Former Liverpool striker Daniel Sturridge says he is “devastated” after being banned from football for four months for breaching betting rules.
He was originally given a six-week ban last summer, four of them suspended, but the FA appealed against the findings of an independent commission.
An appeal board also doubled the 30-year-old’s fine to £150,000.
Sturridge’s contract with Turkish side Trabzonspor had been terminated by mutual agreement earlier on Monday.
In a video posted on his YouTube’ account, Sturridge said it had been “a crazy few days” after the “disappointing and upsetting” decision ended his season.
He added: “I just want to say it’s been a very long and drawn-out process over the last couple of years and difficult to concentrate on my football.
“I’m going to continue to campaign for professional footballers to be able to speak to their families and close friends freely, without the real risk of being charged.
“I feel the betting companies and the practice and process of people placing bets on players moving clubs has to be stopped.”
He thanked Trabzonspor but said he felt “uncomfortable” continuing to receive wages from the club because he was not able to “contribute”.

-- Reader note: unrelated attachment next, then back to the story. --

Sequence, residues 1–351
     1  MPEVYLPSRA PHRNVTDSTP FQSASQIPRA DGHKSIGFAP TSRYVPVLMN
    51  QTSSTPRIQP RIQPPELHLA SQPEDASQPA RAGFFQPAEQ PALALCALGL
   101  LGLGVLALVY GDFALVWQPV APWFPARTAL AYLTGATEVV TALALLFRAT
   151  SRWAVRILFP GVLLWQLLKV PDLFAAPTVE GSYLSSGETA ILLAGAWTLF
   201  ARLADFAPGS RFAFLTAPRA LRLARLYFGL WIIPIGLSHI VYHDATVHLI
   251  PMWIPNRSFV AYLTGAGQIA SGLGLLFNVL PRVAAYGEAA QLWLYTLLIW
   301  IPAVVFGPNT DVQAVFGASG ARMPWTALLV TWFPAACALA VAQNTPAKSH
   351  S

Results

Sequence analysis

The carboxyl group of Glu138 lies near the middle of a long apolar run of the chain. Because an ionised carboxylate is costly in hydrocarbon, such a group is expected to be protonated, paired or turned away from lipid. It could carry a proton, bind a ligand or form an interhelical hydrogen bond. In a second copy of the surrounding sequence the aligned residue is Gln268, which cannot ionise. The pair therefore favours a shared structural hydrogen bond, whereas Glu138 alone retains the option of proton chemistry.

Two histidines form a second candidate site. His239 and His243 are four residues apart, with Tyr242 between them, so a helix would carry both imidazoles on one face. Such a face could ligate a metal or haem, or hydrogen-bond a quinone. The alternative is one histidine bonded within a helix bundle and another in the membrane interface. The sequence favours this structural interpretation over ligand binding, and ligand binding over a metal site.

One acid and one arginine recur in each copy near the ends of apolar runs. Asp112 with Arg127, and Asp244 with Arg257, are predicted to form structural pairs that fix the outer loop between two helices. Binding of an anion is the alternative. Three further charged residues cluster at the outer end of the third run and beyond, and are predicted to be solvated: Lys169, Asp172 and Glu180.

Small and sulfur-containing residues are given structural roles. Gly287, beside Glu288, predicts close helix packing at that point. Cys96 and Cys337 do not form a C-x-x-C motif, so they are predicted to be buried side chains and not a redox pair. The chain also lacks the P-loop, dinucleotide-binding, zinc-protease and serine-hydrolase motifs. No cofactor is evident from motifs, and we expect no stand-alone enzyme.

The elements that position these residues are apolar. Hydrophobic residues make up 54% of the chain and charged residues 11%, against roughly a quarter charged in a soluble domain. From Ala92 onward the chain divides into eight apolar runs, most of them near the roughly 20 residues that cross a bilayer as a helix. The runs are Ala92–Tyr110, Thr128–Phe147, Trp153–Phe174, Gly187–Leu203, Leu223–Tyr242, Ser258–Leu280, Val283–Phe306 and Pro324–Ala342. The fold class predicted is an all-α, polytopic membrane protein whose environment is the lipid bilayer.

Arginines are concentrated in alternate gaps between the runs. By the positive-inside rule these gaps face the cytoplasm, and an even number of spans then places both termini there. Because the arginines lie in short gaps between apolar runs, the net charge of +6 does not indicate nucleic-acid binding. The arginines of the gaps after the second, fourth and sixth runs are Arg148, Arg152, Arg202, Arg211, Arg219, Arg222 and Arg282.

Sturridge had faced various charges alleging he passed on inside information over a potential transfer in January 2018.
A statement from the FA said the appeal board had ruled the commission “misapplied rules in relation to the use of inside information and made findings of fact which could not be sustained”.
As a result, the board found proven two further charges that had originally been dismissed.
Liverpool announced in June 2019 that Sturridge, who scored eight times in 26 appearances for England, would be leaving the club that summer at the end of his contract.
He went on to score seven goals in 16 appearances for six-time Turkish champions Trabzonspor.
The former Manchester City and Chelsea forward’s most recent England appearance came as a substitute in a World Cup qualifier against Lithuania in October 2017.
Sturridge has been suspended from all football and football-related activity until 18 June.
The commission found he had instructed his brother Leon to bet on a possible move to Spanish side Sevilla, and that he had given him inside information during the January 2018 transfer window.
Sturridge said the FA’s case was “overblown and misconceived” and that he gave an innocent explanation for text messages to his brother.
Submissions on his behalf said he did not have the type of personality that is drawn to adrenaline or the risk of wrongdoing, and had no real interest in gambling.